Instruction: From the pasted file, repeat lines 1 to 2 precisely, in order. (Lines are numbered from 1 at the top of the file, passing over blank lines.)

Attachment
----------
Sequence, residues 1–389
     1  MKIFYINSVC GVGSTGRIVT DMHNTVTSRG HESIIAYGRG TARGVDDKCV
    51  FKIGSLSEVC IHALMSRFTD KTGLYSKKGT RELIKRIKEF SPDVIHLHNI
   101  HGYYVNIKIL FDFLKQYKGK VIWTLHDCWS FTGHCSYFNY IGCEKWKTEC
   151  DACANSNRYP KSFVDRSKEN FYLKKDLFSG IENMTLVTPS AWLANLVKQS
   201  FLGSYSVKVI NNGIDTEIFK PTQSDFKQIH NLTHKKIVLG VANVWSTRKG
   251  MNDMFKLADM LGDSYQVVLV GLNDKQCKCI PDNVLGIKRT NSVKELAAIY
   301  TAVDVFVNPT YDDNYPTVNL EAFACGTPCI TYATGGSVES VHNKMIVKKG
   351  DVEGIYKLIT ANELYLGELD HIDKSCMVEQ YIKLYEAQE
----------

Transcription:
Sequence, residues 1–389
     1  MKIFYINSVC GVGSTGRIVT DMHNTVTSRG HESIIAYGRG TARGVDDKCV